Bazaar India spotlights five labels focused on encouraging women to express themselves with their fashion choices

Come one, come all.

Harper's Bazaar India

What do (curvy) women want? More than oversized, baggy clothes or just a few options stowed away on a corner shelf. The idea of fashion as a form of self-expression being limited just to sizes falling on the lower end of the scale is hypocritical. More so, in a country where the average woman is curvier than her Caucasian or Asian counterparts. According to data platform Statista, the plus-size segment—those who wear beyond sizes 0-12—constitutes about half of the total consumers in India. Even so, this customer is often left wanting. Lack of variety or thoughtful design are top concerns, as is the dearth of versatile cuts to complement their bodies. There is, however, a crop of designers, looking at the bigger picture, and walking the inclusivity talk. We speak to them as they tell us why (every) size, in fact, does matter. 


The label was born out of the experiences of Tinka Bhatia, Half Full Curve’s co-founder, who struggled to find appealing options for her UK size 16-18 frame. So she teamed up with her sister Rixi Bhatia to address all that she felt was amiss for women in this category. “A lot has changed since we launched in 2017 with brands being more size-inclusive, but we still have a long way to go,” says Rixi. Today, walk into Half Full Curve’s studio in Mumbai, and you will find up to UK size 20 on the racks. “We have samples in sizes even bigger than that too. So clients can at least see how the silhouette looks on them,” adds the designer. They work with their own size chart, which tweaks global sizes to suit Indian bodies. Rixi finds that they are often slotted as a ‘plus-size’ brand, even though their clothes are made with different body types in mind, and are not just for larger sizes. The designer feels that it’s about more than just the tangible outfit when it comes to plus-size shopping. The entire shopping process can be a very emotional one for customers. “It requires a lot of handholding and dispelling of pre-conceived notions on what they think they can or cannot wear,” she carries on.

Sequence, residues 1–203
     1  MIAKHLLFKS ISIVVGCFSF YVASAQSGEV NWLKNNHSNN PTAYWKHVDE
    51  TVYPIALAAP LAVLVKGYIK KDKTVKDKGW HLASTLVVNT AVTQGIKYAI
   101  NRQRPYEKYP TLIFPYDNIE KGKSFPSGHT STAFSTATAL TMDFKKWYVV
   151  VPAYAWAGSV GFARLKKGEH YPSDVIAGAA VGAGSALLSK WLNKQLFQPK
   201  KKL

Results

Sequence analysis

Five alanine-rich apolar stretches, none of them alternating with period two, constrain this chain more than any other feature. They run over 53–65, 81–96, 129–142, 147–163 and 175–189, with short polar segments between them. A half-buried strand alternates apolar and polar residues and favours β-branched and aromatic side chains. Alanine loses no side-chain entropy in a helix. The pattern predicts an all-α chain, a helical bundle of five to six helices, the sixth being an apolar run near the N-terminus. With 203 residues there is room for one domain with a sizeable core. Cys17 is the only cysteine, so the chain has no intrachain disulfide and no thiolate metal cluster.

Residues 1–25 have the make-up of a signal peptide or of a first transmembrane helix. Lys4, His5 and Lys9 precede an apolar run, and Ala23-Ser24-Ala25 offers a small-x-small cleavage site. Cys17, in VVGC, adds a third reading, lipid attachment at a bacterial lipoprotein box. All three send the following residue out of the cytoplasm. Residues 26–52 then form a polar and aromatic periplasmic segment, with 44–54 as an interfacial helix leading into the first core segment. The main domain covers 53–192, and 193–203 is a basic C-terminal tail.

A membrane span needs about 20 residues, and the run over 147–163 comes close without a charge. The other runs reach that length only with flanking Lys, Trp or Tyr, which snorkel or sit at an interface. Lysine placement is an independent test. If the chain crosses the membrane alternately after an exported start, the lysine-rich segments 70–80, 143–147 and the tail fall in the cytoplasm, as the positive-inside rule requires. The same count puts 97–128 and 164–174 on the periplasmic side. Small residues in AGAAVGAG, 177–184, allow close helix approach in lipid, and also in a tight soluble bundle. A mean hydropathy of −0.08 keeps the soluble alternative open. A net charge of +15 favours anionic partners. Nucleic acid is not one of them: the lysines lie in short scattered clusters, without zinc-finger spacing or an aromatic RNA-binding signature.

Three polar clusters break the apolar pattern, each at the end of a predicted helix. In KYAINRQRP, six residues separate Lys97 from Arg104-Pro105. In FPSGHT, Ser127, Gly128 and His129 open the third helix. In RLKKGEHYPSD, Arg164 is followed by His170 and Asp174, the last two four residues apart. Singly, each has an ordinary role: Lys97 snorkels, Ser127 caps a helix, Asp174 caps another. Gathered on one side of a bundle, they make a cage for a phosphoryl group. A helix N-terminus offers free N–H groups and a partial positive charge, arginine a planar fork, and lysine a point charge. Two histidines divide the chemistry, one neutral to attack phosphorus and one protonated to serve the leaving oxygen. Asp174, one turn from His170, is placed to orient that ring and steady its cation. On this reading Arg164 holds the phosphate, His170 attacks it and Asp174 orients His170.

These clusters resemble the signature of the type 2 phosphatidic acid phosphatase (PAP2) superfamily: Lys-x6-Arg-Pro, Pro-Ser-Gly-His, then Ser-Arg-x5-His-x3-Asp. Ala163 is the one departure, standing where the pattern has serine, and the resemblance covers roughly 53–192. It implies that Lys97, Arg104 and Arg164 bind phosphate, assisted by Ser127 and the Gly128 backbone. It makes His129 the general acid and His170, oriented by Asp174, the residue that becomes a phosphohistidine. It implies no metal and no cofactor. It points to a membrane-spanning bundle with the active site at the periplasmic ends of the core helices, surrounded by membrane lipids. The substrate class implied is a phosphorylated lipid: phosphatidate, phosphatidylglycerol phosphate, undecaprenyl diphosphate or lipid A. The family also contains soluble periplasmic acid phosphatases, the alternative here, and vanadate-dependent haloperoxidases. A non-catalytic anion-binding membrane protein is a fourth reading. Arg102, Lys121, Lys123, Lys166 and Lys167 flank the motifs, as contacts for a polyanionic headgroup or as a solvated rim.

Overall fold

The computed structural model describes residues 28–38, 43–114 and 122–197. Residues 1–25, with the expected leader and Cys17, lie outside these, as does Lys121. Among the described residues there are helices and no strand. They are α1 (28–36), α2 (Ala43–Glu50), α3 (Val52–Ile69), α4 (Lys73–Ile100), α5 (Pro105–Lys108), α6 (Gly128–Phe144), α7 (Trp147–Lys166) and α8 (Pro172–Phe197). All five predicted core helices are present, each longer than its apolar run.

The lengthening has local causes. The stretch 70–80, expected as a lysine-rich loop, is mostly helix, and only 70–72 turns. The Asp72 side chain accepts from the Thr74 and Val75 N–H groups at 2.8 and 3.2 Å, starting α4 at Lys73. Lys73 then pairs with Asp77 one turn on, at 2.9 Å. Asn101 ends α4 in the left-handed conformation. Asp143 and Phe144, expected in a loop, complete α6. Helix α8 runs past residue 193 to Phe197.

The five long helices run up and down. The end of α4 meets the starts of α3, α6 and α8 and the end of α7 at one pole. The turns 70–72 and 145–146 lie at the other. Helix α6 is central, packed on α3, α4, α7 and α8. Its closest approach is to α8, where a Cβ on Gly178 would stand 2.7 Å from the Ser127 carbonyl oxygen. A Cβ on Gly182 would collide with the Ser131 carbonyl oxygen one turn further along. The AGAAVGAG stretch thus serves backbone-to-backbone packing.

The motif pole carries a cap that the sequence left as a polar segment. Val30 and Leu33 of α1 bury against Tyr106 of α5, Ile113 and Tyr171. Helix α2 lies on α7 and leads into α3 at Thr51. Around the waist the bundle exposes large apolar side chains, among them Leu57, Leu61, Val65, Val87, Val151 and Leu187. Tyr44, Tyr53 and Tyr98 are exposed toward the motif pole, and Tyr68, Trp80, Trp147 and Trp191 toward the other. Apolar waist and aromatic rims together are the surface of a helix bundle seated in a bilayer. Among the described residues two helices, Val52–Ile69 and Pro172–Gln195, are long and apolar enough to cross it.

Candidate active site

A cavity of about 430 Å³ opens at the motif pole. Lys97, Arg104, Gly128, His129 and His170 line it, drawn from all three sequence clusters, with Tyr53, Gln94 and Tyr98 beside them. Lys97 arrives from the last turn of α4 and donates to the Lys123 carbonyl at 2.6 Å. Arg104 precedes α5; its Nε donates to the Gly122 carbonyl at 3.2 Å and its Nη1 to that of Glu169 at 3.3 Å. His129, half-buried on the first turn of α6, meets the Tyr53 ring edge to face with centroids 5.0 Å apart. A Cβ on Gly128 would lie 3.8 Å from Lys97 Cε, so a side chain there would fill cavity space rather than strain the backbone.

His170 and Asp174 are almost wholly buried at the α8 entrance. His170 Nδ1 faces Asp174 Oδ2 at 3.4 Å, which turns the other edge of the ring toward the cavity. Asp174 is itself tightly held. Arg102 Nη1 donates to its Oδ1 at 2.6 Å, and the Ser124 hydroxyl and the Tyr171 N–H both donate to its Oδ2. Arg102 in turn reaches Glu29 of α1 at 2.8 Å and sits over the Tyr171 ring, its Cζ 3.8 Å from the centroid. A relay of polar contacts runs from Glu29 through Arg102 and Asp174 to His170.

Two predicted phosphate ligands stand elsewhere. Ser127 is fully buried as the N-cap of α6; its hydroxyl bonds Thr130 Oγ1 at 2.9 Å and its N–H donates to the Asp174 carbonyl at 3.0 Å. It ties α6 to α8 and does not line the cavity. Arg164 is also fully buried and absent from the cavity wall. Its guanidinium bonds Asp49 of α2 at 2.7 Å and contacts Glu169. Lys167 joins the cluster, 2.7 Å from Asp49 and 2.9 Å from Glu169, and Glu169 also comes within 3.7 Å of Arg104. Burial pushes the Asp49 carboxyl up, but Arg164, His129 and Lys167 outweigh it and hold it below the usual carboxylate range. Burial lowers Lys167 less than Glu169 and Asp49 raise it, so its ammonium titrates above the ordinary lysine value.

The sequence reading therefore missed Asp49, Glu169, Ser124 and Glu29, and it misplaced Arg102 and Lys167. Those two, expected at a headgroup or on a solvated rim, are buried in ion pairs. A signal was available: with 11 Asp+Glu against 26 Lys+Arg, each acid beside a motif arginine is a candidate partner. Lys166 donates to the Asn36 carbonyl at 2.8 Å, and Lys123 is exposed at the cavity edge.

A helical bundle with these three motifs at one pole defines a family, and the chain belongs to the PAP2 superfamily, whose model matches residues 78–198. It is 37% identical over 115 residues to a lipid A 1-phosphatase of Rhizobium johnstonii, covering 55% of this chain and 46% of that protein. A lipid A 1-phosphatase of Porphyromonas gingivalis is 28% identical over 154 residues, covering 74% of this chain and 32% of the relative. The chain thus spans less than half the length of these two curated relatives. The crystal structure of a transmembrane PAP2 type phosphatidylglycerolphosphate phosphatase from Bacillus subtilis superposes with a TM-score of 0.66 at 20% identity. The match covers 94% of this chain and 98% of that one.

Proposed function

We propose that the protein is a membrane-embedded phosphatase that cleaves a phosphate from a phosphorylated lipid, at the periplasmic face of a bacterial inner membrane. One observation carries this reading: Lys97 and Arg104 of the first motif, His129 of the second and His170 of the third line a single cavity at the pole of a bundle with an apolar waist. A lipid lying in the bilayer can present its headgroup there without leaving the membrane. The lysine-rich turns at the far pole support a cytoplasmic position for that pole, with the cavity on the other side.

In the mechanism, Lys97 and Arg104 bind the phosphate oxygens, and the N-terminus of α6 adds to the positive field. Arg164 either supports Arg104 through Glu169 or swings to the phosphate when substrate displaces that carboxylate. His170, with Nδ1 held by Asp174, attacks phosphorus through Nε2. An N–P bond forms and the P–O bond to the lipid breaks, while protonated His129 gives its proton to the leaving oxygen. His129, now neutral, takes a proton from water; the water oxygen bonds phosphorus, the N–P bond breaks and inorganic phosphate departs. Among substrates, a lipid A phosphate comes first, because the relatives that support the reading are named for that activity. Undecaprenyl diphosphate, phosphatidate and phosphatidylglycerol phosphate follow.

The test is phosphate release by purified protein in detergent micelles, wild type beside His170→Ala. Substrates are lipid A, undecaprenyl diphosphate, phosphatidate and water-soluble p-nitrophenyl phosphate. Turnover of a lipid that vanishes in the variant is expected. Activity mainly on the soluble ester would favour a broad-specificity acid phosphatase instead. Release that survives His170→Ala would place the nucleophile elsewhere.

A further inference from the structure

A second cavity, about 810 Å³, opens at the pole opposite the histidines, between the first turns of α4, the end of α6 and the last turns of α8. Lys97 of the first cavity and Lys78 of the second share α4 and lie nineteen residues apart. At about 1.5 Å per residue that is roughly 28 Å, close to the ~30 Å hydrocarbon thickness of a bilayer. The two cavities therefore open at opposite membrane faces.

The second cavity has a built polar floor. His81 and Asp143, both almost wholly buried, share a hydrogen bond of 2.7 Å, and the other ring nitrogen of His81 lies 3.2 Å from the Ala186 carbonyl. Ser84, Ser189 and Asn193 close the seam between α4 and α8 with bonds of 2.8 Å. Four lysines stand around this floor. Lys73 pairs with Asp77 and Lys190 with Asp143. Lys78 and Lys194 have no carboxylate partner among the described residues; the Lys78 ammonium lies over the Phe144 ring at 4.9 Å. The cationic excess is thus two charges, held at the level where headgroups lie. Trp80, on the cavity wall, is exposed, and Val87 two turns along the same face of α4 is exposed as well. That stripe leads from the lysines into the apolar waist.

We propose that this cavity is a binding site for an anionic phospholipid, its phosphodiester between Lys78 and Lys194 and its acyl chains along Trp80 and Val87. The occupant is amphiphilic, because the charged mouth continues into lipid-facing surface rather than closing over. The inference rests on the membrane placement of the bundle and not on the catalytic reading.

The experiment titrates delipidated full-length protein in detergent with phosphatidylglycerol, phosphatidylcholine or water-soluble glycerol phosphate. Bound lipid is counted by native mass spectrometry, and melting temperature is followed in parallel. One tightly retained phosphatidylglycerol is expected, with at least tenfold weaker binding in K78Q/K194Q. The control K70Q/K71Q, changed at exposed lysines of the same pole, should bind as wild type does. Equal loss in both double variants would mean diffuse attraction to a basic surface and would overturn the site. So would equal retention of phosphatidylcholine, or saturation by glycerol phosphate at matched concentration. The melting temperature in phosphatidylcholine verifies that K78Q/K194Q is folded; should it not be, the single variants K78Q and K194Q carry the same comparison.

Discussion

It was Amit Hansraj’s many incarnations (and jobs) across the fashion industry in the last two decades that eventually led to the birth of Inca in 2020. It was Hansraj’s tenure at multi-designer boutique Ensemble that helped him understand the mind of the consumer, and identify gaps in the market. He found that contemporary wear options for plus-size women were often reduced to baggy clothes or straight-cut kaftans. Hansraj set out to change that with Inca. “I was sure I did not want to make size-specific clothing. The idea is for the clothes to take the shape of the wearer, and not the other way around,” he says. Inca’s one-size-fits-all silhouettes fit up to a UK size 20. The designer works with only one fabric—satin mixed with plant-based viscose for its fall and trans-seasonality—in a range of silhouettes, all tied together with thoughtful design. For Hansraj, being experimental and size-inclusive need not be mutually exclusive. “Our drapes and construction complement many body types. I try to get into the mindset of a woman while designing. So nothing comes on the bust, but our knots will sit right under it, to accentuate the thinnest part of the body and create height. And then there are slits, for a hint of sexiness,” he explains. “The best part? Women can walk into my store and actually see what a piece looks like on them before buying it.”